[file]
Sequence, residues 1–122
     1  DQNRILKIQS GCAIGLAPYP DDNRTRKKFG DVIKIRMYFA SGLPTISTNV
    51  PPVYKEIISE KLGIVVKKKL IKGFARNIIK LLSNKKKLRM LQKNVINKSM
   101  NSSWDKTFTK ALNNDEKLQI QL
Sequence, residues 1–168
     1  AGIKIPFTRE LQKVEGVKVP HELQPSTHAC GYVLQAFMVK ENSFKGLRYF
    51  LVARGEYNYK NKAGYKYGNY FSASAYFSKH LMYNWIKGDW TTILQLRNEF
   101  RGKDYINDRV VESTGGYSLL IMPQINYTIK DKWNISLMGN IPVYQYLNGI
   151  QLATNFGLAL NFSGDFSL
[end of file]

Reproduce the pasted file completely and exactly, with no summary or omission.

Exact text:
Sequence, residues 1–122
     1  DQNRILKIQS GCAIGLAPYP DDNRTRKKFG DVIKIRMYFA SGLPTISTNV
    51  PPVYKEIISE KLGIVVKKKL IKGFARNIIK LLSNKKKLRM LQKNVINKSM
   101  NSSWDKTFTK ALNNDEKLQI QL
Sequence, residues 1–168
     1  AGIKIPFTRE LQKVEGVKVP HELQPSTHAC GYVLQAFMVK ENSFKGLRYF
    51  LVARGEYNYK NKAGYKYGNY FSASAYFSKH LMYNWIKGDW TTILQLRNEF
   101  RGKDYINDRV VESTGGYSLL IMPQINYTIK DKWNISLMGN IPVYQYLNGI
   151  QLATNFGLAL NFSGDFSL